“As long as you keep sending supplies,” is what I said back.

I let him know what happened and he let me know, quite haughtily I may add, that they were busy organizing a team to go to Mars II. I told him to send them to the moon instead. He hung up.

I scoured my recording of the moon that day. I zoomed in and out to study the first view of the dark side of the moon. It was paler than the side we were used to – almost a light blue. Apart from that, there was nothing. That night I slept and I thought about that pale blue strip on the moon. And I heard my supervisor’s voice in my head.

“You’re still alive?”

I find that funny now but it hurt then.

I woke up and rushed straight to my screens. The moon had rotated another few degrees. They had to have seen it from the earth. They had to.

And another thing.

I saw a dome.

I saw it clear as day. It was huge, probably the size of a country if my scale was correct. It was made up of hexagonal glass panels and, in my view, looked like half of a giant soccer ball. There were lights inside it.

Of course, I called it in. Of course, I called my supervisor. Of course, I sent in my data. And of course, they didn’t believe me.

“Check it out for yourself,” I said. “Do you not see it?”

“We have,” he said. “There’s nothing there.”

“Bull shit!” I said.

“You need to calm down. Look, you must be going nuts up there. Why don’t you hitch a ride on the next supply shuttle? Spend a few days on the ground. Get your mind right,” he said.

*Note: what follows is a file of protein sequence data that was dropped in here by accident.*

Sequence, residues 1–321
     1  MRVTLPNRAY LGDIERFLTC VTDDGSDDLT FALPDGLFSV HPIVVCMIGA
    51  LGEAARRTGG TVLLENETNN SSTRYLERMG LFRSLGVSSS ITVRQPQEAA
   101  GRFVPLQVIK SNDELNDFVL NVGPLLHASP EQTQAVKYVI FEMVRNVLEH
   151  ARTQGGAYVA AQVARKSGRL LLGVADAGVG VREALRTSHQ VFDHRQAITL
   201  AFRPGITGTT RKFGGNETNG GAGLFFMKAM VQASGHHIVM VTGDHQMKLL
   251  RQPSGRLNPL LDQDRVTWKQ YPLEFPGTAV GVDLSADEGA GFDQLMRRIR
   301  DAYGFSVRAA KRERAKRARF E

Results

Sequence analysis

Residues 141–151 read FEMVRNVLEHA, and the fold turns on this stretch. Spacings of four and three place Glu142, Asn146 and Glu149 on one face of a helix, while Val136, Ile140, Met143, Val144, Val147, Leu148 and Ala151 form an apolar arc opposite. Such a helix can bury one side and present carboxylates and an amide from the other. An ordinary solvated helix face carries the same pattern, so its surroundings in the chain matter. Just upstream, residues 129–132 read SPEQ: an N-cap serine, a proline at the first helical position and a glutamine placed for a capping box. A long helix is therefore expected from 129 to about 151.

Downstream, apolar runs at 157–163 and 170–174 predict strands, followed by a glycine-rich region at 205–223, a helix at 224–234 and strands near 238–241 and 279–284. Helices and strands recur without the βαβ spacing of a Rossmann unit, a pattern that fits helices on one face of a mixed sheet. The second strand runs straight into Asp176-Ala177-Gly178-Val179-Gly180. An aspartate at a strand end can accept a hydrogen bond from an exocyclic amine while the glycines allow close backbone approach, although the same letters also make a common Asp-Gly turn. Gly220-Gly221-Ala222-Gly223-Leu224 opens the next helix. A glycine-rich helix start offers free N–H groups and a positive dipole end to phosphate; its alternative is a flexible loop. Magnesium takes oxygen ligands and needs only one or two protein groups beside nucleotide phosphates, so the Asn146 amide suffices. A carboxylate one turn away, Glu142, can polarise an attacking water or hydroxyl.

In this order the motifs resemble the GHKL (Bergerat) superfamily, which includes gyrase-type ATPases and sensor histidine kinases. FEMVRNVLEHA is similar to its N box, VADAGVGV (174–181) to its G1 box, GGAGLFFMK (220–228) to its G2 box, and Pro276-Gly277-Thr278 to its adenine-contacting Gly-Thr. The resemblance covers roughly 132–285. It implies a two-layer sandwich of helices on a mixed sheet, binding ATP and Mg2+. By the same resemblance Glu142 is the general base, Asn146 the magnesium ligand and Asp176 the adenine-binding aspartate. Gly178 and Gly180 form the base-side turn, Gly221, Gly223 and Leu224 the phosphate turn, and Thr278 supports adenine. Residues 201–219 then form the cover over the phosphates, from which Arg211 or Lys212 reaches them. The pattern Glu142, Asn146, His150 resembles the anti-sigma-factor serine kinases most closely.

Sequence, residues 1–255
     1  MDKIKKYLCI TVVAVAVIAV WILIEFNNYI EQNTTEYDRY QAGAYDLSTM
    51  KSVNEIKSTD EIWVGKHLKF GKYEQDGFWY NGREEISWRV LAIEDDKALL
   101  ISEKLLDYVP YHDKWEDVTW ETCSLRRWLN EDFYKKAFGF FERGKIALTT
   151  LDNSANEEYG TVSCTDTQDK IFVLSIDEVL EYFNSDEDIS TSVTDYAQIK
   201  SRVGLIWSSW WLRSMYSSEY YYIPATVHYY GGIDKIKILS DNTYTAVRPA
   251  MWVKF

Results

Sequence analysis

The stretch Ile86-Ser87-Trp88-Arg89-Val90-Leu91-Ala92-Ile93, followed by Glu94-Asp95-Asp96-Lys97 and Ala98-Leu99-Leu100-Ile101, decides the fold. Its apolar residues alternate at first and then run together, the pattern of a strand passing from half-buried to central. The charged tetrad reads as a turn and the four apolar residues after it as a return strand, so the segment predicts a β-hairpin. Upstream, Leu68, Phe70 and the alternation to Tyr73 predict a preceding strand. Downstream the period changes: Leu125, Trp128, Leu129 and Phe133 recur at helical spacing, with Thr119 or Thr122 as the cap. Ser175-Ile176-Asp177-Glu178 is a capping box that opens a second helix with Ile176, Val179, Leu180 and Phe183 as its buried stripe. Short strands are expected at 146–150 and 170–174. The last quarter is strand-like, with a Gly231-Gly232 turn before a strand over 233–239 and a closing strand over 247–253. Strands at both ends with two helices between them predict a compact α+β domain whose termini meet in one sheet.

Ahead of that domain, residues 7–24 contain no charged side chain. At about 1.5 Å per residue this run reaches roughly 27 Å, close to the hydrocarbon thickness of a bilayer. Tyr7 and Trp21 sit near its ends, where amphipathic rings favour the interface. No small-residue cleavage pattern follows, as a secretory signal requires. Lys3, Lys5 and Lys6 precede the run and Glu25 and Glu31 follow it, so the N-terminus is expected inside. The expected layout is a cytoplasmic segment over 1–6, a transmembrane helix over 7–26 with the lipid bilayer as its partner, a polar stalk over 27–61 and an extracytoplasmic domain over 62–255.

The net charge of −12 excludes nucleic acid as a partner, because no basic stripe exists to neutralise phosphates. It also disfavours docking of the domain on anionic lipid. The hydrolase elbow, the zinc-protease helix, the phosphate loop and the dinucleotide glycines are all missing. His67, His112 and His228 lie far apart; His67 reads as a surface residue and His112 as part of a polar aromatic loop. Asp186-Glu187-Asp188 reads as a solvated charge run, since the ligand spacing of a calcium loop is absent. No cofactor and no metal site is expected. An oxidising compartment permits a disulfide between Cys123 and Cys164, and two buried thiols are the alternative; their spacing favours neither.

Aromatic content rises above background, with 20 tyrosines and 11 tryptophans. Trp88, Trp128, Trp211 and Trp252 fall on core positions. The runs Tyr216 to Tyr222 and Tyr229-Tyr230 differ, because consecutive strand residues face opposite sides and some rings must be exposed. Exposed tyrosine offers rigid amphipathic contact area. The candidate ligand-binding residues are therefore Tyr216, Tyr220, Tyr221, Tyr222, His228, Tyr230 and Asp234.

“I know what I saw,” I said.

“Yuri, there’s nothing there,” he said.

And that time I was the one who hung up. If they didn’t believe me I was going to get proof. So I took half of my supervisor’s advice. The next shuttle came and after docking and unloading, I hijacked it. I left the mailman at the station. He was okay, he had food.

Food would be so awesome right now. I wish I had a burger.

By my calculations, it should have taken me four hours to land on the surface of the moon. It took two. I landed close to the dome. I broadcasted the weird “We Come In Peace” message loud. I started a live feed and sent a link to the space station. I did everything by the book. Well, except for stealing the supply shuttle.

There was an opening in the dome. A round fifteen-foot wide hole. A large figure stood by it. It was draped in black or maybe that was its skin? Take a look at the feed and see for yourselves. It had two extra pairs of hands one pair was lifted high above its head as if in surrender. They distracted me. I didn’t see what the other hands were doing and suddenly there was a pain in my chest. It shot me! There was a hole the size of a grape just under my collar bone on the left. Right where the camera was.

Adrenaline kicked in and I ran. I ran as fast as the low gravity would let me. I got to the door of the shuttle before I received another jolt of pain. This time in my right thigh.

I closed the doors, activated the force fields.

Unfortunately, the supply shuttle does not have enough juice to run with the force fields up. It also has very few first aid supplies. I’m cold and bleeding. It won’t be long before the black alien with too many arms breaches the hull. You can hear the noise, can’t you?

If I’m still transmitting, tell my mother that I did it! I was the first man to discover alien life. Sadly, I’m also the first to be killed by an alien.

And tell my boss that he can go fuc-

 

*Transmission Lost*

 


Writing prompt: Your character, by chance or habit, peers through a telescope. They see something unusual — what is it?

It was weird writing a SciFi story based in space. I generally don’t like space – I think that’s because there’s no oxygen there and it’s cold. But I followed a prompt and this is the story I got. Hope you enjoy it.

See you… I don’t even know when.

okay bye